A Note on Pride Month, from a Straight Ally

I recently drew a piece with a rainbow and a quote from Ginger Minj about how straight people should be grateful they don't need a pride parade, and when I posted it on Instagram I made sure to ask my gay best friend if the caption I wrote was okay, because I didn’t want the post to be about me. He told me it looked good, and that he loved that I am a self-aware and considerate ally. That gave me the confidence to write this, though to be honest, I continue to question whether or not I’m making sense and worry I might offend the very community I wish to support.

Rainbow.JPG

Shortly after posting it, someone commented saying it was the dumbest thing they've ever read. When I read it, I felt a split-second twinge. It was quick and hot, like a tiny balloon of anger popped inside me. My instinct told me to fight and reply with the wittiest comeback I could think of, but I thought, no. Leave it alone and leave it there. No deleting the rude comment because it says more about the person who wrote it than me or what Ginger said.

But at the same time, I thought, wow, I merely expressed support for the LGBTQIA+ community and someone was offended and felt the need to leave a rude comment on a stranger's Instagram. How much worse could I face if I were a member of the community?

We all know the answer to that, of course. Much, much worse. It's so bad that some people choose to never come out of the closet and lead double lives, just to keep themselves safe.

And it's not like I don't know what it's like to scorn people who aren't straight. I'm a cisgender heterosexual woman, after all, who grew up Catholic in a pretty conservative household, and went to a Catholic school for seven years in the Philippines. Gay people are different. They're not normal, some would say. When a gay man is handsome, he is pitied. "Kawawa naman, gwapo pa sana kaya lang bakla," as if he contracted some incurable disease.

But as I grew older, I learned better. In UP, in the call centers and educational institutions I worked at, and most importantly, from the people in my life who themselves are LGBTQIA+, many of whom are my closest and dearest friends, whom I consider my lifeline.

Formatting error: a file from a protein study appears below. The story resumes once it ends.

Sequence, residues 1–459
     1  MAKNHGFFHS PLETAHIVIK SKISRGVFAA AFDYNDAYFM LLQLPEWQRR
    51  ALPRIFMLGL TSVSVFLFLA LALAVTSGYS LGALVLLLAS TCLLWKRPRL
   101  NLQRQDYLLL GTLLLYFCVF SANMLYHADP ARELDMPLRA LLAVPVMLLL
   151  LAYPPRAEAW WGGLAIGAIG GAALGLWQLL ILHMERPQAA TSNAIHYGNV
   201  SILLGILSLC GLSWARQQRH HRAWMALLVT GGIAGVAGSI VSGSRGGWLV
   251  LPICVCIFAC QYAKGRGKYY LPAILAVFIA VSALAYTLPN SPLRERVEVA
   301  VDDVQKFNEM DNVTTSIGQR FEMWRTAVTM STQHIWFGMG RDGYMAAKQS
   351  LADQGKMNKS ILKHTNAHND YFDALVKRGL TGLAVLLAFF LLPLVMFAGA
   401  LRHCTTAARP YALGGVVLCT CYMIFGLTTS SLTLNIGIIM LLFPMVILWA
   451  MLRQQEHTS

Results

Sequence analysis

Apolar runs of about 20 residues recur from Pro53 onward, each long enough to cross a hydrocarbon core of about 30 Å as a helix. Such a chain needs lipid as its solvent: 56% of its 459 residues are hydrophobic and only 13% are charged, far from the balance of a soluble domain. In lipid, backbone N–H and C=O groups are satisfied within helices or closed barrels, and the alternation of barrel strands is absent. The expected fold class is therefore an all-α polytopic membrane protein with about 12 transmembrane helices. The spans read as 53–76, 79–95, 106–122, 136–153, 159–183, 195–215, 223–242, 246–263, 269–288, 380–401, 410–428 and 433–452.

It's 2019 and yet millions of people still find it impossible to accept and understand that people don't choose to be LGBTQIA+, that they just are, like how we self-righteous heterosexuals are straight. We don't need a pride parade. We've been persecuting people for ages simply because they are not like us. We have blood on our hands.

June is pride month. If you still, for whatever reason, cannot accept people who are lesbian, gay, transgender, intersex, queer/questioning, asexual, non-binary, pansexual, just shut up. Please. The kindest thing you can do is to not contribute to the hate, that is if you really cannot muster the courage and the humility to listen, learn, understand, and, accept. Be glad you don’t need to be brave to be straight, because the world’s acceptance of you is automatic. Others do not get to enjoy that same luxury.

But if you do eventually find the courage to question your beliefs, to ask and to listen to the stories of the members of the community in hopes of gaining a greater understanding of their struggles, their battles, their lives, thank you. It all boils down to our fear of the unknown: what we don’t know and understand scares us, and the best way to eradicate fear is to seek enlightenment. The internet is teeming with resources on the subject; use it to educate yourself. If you have questions the internet cannot answer, ask your friends and family who are members of the community. Most of us may not get to change the world, but we can at least take small steps to making it a little better, a little kinder.